Chorus sinensis, for cormorants and people

Chorus sinensis is an audiovisual artwork combining a composition for a choir with videos and photos of the curious co-living and relations of Great Cormorant (Phalacrocorax sinensis) and people at Bothnian Sea coastal area, at their common territory.

Marjakari, Bothnian Sea is one of the most important Great Cormorant colonies of the area. Photo by Jan Eerala, June 2020.

The project, ideated and curated by Ulla Taipale, combines musical piece for a choir composed by experimental sound artist and composer Lau Nau with audiovisual recordings and photographs by Finnish photographer and artist Jan Eerala. Eerala has dedicated his life since years in documenting the phenomena and landscapes of the Bothnian Sea in photographs, videos and sound recordings. The work group is complemented by Finnish literary scholar Karoliina Lummaa, specialized in bird literature, Aleksi Lehikoinen, bird researcher and curator at Finnish Museum of Natural History (Luomus) and artist Merja Markkula who will create the costumes for the performing choir.

Great Cormorant is a sea bird species that lives and nests in the coastal islands of Finland and other European countries. In Finland it is a protected bird species that due to its living habits, provokes fierce debate and hate among human populations living in the coastal aereas of Baltic Sea. It lived in the area until the beginning of the 20th century, but was persecuted and though left the area. The return of the cormorant colonies in Finnish sea shores happened almost one hundred years after, in 1996 and the growth of the population was exponential until 2019, when their number has established and is now around 26 000 cormorants.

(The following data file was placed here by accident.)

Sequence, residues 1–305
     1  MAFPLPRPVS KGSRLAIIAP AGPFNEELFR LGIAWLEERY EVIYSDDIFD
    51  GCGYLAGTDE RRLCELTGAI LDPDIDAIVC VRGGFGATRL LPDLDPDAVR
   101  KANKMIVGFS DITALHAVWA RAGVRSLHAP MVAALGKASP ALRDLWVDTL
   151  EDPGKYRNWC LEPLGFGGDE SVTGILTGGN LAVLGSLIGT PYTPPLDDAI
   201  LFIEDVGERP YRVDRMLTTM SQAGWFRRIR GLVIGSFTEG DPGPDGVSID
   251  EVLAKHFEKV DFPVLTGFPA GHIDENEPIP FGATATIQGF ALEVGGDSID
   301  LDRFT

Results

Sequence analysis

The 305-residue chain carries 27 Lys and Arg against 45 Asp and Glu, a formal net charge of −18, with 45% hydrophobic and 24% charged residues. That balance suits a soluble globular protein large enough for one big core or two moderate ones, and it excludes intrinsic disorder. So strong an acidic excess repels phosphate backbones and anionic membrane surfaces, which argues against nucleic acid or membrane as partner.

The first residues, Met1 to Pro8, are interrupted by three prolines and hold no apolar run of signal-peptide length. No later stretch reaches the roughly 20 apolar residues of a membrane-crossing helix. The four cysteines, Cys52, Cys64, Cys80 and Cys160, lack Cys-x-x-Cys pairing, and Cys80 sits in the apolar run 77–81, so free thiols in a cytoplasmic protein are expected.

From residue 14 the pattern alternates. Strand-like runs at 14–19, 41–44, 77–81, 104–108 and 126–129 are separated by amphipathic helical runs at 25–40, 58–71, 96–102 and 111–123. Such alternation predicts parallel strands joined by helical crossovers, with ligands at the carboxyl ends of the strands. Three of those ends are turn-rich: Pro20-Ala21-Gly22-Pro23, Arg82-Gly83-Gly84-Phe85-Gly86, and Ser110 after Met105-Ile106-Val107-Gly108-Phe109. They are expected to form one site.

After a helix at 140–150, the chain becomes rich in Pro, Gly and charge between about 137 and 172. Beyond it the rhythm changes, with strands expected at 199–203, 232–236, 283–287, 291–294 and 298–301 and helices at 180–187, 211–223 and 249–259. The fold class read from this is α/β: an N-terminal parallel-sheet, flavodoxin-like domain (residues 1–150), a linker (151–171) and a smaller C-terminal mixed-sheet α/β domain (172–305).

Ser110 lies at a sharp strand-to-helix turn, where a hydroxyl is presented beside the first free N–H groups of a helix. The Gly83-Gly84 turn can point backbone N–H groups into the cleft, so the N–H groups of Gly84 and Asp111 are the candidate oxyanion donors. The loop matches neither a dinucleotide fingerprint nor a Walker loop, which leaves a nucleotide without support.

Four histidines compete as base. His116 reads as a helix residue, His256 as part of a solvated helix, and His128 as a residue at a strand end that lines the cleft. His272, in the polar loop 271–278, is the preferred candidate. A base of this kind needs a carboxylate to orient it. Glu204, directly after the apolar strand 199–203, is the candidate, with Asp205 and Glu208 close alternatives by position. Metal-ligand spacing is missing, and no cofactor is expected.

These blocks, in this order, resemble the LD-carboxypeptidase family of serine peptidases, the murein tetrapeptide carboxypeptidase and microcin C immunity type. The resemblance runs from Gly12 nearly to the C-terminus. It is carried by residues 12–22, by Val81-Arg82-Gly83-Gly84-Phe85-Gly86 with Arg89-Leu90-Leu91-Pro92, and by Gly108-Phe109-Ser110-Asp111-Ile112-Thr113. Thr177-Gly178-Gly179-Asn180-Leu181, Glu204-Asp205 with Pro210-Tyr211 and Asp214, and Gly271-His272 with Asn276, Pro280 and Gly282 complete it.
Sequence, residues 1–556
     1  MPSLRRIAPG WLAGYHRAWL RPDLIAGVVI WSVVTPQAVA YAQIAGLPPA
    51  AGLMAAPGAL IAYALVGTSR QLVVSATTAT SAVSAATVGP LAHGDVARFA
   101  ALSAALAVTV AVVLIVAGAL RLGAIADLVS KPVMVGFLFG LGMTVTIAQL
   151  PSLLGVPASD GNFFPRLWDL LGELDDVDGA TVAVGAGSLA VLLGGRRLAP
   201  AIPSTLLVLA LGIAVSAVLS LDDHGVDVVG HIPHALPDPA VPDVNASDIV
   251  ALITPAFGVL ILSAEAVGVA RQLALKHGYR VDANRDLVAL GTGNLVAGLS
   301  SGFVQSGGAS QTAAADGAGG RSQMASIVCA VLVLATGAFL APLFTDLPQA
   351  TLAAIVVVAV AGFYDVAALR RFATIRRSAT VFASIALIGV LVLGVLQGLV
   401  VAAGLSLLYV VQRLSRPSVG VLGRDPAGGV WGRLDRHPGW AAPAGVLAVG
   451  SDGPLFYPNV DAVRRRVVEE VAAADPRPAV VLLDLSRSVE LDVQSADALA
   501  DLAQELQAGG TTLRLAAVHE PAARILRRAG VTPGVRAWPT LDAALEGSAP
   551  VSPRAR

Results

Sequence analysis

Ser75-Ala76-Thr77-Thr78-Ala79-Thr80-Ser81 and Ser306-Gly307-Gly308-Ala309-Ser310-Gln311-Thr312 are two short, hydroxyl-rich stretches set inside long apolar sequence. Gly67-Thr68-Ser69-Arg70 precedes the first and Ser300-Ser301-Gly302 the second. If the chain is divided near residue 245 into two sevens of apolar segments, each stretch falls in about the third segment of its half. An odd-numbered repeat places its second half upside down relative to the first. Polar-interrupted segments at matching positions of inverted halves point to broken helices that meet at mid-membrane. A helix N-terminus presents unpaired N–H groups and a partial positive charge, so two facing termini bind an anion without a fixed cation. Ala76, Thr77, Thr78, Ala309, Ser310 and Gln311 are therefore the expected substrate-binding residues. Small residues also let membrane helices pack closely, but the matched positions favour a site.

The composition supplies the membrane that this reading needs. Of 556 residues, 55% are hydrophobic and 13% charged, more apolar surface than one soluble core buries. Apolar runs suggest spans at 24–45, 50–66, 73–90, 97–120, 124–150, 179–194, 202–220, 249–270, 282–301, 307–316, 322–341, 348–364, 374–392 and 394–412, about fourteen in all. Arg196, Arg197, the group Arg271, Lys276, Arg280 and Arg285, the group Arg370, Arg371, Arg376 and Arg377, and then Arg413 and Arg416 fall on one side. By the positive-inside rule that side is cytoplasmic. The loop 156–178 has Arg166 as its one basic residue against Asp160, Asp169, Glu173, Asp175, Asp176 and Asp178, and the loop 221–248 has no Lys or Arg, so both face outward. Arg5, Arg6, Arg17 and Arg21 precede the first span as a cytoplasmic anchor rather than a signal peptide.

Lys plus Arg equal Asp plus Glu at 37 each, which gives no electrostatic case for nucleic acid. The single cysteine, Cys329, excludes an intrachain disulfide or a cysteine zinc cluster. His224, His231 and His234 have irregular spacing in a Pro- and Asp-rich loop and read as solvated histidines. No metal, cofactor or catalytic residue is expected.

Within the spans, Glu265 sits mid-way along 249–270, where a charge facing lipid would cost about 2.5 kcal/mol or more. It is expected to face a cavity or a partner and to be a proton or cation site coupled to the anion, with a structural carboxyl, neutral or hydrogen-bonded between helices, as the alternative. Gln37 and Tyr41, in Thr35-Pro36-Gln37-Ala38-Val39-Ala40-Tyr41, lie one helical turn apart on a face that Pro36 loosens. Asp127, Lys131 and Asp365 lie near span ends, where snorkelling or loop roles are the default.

Chorus sinensis examines the blurring of the territories of the sea birds and people, the claim for the reduction of the diversity and the societal discussion leading towards the discrimination of the species. The working method is observant and avoids disturbing or intervening in the life of the Cormorants and other life forms as little as possible.

The finalized work will be exhibited in different formats: as an installation in the exhibition space, online, or as a live concert.

Karoliina Lummaa, Ulla Taipale and Lau Nau at Ouraluoto island, at the territory of sea birds in Bothnian Sea. July 2020, Photo by Jan Eerala.

The project started in spring 2020 as a part of Scandinavian joint project The Conference of the Birds, led by Norwegian artist and curator Eva Bakkeslett and will be exhibited at Pori Art Museum in March 2022 as a part of Overview Effect exhibition.

Chorus sinensis is being supported by Nordic Culture Point, Nordic Culture Fund, Satakunta Art Council and Finnish Art Council, Samuel Huber Foundation as well as Pori Art Museum.

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